Raymonde De Laroche (1886 - 1919)

Issue: 06-2010By Group Captain (Retd) Joseph Noronha, Goa

Every licensed woman pilot after Baroness Raymonde de Laroche surely owes a small debt to the fearless French woman who started it all

Raymonde De Laroche was one of the first few women to pilot heavierthan-air powered aircraft. And she was the very first to qualify for a pilot’s licence. After performing the required manoeuvres before officials of the Aero Club of France, she was awarded brevet No. 36 by the Fédération Aéronautique Internationale on March 8, 1910.

Born Elise Deroche in Paris on August 22, 1886, she later took the name Raymonde de Laroche—befitting the glamorous stage actress she was. Raymonde was a keen sportsperson and a bit of a daredevil. She took to car racing with great enthusiasm. In fact she put her heart and soul into whatever she did. In 1908, the Wright brothers were conducting demonstration flights near Le Mans, France, and Raymonde volunteered for a joyride. She was immediately attracted to this exciting and challenging new sport. Later, when she was dining with Charles Voisin, a famous French aircraft builder of the time, he suggested that she take flying lessons. She was already an experienced balloonist and the prospect of learning to fly a fixed-wing machine thrilled her.

The Voisin was a single-seat aircraft. The pupil had to sit in the cockpit and listen to the instructor shout orders from the ground. Raymonde was a quick learner. On October 22, 1909, she was instructed to take the plane down the open field. After her first taxi run, she knew she was ready for take-off. She opened the throttle, brought the engine to full speed and got airborne, attaining an altitude of about five metres and flying a distance of almost 300 metres. A gentle touchdown later her first solo flight was safely accomplished. Reporting the feat, Flight magazine erroneously referred to her as “Baroness”—a title that stuck and served to enhance the mystique of a woman who could actually pilot a plane.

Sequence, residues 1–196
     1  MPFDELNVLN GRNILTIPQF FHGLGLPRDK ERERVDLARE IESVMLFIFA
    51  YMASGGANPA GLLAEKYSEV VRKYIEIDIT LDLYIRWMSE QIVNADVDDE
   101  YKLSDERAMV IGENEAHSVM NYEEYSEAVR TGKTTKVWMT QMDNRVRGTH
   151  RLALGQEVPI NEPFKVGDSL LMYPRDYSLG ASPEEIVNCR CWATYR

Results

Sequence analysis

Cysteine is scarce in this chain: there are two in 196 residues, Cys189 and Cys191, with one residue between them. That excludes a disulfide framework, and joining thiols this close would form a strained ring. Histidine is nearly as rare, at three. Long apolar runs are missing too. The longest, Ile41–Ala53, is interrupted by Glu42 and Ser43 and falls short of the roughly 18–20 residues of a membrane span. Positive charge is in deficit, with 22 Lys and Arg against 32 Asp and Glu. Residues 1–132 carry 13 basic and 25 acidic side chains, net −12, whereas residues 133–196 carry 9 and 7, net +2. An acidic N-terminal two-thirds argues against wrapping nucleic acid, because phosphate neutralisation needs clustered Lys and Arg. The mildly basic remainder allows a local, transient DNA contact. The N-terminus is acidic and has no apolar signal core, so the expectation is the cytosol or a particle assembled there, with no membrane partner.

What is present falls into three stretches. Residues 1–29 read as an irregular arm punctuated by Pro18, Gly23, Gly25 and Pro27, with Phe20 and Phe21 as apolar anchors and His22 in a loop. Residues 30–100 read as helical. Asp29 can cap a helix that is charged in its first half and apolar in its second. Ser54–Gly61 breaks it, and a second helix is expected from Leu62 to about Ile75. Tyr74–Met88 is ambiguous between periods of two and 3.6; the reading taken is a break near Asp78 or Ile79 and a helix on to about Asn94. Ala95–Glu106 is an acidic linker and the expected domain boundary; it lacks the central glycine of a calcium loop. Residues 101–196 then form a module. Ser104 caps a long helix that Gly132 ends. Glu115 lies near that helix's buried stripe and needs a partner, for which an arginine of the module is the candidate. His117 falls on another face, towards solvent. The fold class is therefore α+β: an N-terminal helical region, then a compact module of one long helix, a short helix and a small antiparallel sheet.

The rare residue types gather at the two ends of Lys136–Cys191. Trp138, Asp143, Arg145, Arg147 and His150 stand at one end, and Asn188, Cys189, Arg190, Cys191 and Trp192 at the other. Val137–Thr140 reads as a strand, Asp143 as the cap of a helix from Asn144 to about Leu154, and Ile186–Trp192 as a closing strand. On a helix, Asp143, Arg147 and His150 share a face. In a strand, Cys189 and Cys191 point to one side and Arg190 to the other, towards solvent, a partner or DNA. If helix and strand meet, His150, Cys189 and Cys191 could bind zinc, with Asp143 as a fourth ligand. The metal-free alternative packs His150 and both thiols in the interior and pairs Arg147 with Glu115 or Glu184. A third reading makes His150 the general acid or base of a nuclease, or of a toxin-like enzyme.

In January 1910, Raymonde hit a tree and crash-landed, suffering concussion and a broken collarbone. Determined to be the first licensed woman pilot, she refused to let this mishap discourage her. She knew that other women in Europe and the United States were not far behind. As soon as she had sufficiently recovered she participated in an air show in Egypt. On her return, she demonstrated her flying skill before the examining officials and was awarded the world’s first female pilot’s licence.

Raymonde de Laroche went on to take part in air displays at Heliopolis, Budapest, Rouen, and St Petersburg, where the Tsar himself praised her bravery and audacity. In July 1910, at the Rheims Air Meet, she experienced wake turbulence and her aircraft crashed. This time, she suffered such severe injuries that they nearly proved fatal. After a slow and painful recovery that lasted for two years, she was again fit enough to fly. But injury continued to dog her, this time on the ground. In September 1912, she was grievously hurt in an automobile accident in which Charles Voisin, her close friend and companion (who was driving) was killed. Yet, on November 25, 1913, she won the Aero Club of France’s Femina Cup for a non-stop long-distance flight of over four hours’ duration.

When the First World War began, women were grounded because flying was considered too dangerous for them. Raymonde served as a military driver—chauffeuring officers from the rear zones to the front, often under enemy fire. But as soon as the War was over, she returned to active flying. In June 1919, she set a new women’s altitude record of 4,800 m and also the women’s distance record of 323 km. However, she was not fated to savour these sweet triumphs for long.